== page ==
As children we’re plagued by nightmares often. Children experience fear daily yet must continue to exist. The world they find themselves inhabiting is vast and those around them so much larger and stronger. Loving adults can help in offering moments of safety and respite but there are by necessity times when they cannot offer the assurance of safety so craved. Encouraging children to talk through their nightmares and offering them suggestions about how to imaginatively deal with the monsters can help a child to feel empowered and less threatened in their waking lives.

Nightmares as Creative Inspiration

Ignoring or discounting nightmares as “only dreams” doesn’t ultimately offer any help in dealing with them for like most forgotten dreams, they will simply return. The best way to deal with nightmares is to consider them. Do what we can to interpret the meaning of the symbols, characters, feeling and action. Imagine what the nightmare is asking of you the dreamer. Further, you might consider a couple of different endings to the dream. Often a nightmare is interrupted by an abrupt awakening triggered by our increased heart rate and breath; using your imagination envision what the ending might have been.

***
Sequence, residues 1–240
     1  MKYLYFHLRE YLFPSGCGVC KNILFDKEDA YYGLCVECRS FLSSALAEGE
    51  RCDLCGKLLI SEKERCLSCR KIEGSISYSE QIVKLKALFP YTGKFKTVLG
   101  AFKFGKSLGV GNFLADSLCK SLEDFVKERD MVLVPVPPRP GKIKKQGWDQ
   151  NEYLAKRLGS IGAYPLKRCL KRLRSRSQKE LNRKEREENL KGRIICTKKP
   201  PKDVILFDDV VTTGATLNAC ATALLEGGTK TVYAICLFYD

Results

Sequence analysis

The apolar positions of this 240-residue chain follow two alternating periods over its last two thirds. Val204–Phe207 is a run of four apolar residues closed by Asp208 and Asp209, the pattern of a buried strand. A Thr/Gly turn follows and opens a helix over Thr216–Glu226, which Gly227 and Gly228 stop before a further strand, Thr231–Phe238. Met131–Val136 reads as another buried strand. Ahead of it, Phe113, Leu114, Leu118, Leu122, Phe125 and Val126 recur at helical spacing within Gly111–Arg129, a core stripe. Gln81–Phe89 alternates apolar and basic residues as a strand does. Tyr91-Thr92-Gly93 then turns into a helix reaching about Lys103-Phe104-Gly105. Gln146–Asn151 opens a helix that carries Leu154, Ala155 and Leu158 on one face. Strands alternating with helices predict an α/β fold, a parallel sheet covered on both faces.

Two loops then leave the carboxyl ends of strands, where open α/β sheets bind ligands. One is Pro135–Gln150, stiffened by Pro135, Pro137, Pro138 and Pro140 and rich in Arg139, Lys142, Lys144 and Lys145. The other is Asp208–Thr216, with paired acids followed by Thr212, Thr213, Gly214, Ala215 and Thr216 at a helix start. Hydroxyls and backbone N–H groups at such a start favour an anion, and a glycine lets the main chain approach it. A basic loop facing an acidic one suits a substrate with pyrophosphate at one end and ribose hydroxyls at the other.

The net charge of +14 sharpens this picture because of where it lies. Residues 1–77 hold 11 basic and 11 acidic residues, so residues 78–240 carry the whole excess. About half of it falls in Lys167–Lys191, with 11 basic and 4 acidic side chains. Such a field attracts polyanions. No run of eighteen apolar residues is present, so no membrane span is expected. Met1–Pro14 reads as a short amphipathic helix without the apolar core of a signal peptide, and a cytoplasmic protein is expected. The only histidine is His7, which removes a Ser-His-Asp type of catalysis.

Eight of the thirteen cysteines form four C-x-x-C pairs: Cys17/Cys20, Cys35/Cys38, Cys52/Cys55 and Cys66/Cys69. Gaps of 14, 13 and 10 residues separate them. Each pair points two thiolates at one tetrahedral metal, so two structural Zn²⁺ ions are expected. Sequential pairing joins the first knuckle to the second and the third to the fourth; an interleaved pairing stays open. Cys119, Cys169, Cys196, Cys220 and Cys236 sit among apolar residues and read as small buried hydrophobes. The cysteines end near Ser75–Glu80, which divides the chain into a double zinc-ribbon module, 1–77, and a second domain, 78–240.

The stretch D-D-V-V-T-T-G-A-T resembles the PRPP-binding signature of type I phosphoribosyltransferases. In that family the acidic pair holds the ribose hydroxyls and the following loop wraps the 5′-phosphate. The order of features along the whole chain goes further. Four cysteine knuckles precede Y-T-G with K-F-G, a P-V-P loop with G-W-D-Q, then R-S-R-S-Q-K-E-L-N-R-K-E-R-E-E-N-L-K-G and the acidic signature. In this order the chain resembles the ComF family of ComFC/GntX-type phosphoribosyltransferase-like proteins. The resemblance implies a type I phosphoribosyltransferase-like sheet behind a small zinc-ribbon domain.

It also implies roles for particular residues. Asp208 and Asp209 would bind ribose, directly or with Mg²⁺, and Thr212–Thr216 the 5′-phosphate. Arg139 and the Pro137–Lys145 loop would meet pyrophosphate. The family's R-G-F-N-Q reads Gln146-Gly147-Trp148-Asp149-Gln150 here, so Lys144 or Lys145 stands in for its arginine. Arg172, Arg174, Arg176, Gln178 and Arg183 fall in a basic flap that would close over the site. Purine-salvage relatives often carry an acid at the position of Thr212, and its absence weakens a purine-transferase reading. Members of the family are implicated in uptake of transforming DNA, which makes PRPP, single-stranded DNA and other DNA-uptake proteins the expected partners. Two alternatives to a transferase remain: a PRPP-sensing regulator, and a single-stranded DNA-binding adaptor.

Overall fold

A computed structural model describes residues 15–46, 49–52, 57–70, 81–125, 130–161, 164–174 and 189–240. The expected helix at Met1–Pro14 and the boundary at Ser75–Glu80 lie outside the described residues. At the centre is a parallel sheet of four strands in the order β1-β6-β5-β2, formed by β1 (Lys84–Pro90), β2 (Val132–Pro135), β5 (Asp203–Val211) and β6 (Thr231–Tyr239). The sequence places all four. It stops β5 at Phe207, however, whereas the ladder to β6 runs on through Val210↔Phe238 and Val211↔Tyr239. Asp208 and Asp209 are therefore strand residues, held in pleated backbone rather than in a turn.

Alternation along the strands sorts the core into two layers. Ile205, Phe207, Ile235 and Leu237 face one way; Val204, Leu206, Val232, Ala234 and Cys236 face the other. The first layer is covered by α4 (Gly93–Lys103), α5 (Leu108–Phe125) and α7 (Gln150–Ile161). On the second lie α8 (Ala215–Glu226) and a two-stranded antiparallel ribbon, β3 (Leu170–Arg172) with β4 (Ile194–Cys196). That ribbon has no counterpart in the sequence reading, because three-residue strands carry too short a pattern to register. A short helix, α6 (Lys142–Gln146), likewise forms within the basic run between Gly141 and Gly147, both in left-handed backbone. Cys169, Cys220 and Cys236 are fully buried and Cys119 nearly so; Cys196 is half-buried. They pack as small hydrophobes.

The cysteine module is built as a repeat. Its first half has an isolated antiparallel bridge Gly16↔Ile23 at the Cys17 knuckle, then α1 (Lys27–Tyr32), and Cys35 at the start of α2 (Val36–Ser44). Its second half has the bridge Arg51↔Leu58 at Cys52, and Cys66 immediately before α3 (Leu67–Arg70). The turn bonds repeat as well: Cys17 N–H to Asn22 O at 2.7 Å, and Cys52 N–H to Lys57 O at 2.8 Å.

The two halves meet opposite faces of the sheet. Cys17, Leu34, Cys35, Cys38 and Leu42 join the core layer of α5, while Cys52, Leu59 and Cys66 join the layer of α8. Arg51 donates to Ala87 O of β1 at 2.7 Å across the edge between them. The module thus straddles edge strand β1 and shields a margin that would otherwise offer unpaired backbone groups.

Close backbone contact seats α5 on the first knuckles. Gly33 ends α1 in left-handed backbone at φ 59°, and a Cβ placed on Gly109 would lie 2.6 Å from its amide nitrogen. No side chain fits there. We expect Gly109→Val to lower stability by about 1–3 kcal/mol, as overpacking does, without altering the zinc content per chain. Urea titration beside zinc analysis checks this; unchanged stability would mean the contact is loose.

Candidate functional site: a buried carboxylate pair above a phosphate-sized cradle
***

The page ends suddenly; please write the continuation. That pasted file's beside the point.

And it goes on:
Use the nightmare as a creative inspiration. Draw, paint or collage the images. Title your nightmare. The stories of Jekyl and Hyde, Frankenstein, and Dracula were all inspired by nightmares. When you describe a nightmare to someone, it is likely they will immediately identify and empathize with your experience. There is nothing quite like a sharing a nightmare to bring an uncommon level of intimacy into your social intercourse.